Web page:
As a good friend of Muntasir, Evan was finding a way to help him bear the cost of his mother’s treatment. So today, he has opened a charity bag shop.

Now, he has $n$ bags to sell. You are given an array $a$ of $n$ integers, where $a_i$ is the size of the $i$-th bag. He has somehow managed to know that there will be exactly$q$ customers today and the $i$-th of them will search for a bag of size $s_i$ and will donate $c_i$ amount of money if he buys the bag.

But Evan is amazing at convincing people! (just like you when it comes to programming!) As people are not so easy going nowadays, he has already calculated the convincing value ( $x_i$) for every $i$-th customer, which means that he will be able to convince the $i$-th customer to buy a bag of size $p$ if $max(1, s_i - x_i) \leq p \leq s_i + x_i$. He can also ignore any customer whether convincing that customer is possible or not. No customer will buy more than one bag and Evan can't sell a bag twice or more.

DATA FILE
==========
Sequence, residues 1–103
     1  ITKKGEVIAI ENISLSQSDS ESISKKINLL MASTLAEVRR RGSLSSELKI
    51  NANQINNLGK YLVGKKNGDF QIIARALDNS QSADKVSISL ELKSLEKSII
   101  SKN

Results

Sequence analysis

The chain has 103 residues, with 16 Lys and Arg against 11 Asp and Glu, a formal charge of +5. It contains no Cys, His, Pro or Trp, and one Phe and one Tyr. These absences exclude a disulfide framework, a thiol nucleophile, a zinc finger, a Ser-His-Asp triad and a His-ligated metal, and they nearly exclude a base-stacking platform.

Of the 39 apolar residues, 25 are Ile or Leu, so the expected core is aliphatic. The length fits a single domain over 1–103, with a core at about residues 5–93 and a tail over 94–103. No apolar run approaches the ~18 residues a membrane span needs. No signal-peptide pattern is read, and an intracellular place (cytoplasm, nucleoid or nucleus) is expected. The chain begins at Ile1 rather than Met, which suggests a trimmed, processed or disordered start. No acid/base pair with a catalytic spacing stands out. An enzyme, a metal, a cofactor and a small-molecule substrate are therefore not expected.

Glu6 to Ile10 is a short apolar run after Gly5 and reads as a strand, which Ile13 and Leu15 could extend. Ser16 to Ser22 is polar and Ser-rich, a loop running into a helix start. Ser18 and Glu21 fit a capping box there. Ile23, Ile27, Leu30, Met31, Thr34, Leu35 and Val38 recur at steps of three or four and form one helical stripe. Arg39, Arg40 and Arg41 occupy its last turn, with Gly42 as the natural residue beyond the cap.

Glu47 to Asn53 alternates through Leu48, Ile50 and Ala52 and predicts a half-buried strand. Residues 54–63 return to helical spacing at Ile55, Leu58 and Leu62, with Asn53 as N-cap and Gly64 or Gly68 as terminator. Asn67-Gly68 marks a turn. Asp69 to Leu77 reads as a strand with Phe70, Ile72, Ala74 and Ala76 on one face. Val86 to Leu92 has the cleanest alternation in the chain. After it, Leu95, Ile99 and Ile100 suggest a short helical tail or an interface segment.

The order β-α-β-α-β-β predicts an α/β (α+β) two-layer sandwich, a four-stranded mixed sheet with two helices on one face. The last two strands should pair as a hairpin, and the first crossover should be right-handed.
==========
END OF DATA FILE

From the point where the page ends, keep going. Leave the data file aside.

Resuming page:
What is the maximum amount of money Evan will be able to collect at the end of the day, if he sells bags optimally?

Input

The first line contains a single integer $n ( 1 \leq n \leq 200 )$, the number of bags available in the shop. The second line contains $n$ integers $a_1, a_2,\dots, a_n ( 1 \leq a_i \leq 10^9 )$ - the sizes of each available bag.

The next line contains one integer $q ( 1 \leq q \leq 200 )$, the number of customers.

The following $q$ lines contain three integers each: the preferred size of the $i$-th customer $s_i ( 1 \leq s_i \leq 10^9 )$, the amount of money $c_i( 1 \leq c_i \leq 10^9 )$ he will donate if he buys the bag and his convincing value $x_i ( 0 \leq x_i \leq 10^9 ).$

Output

Output one integer, the maximum amount of money Evan can collect today to help Muntasir.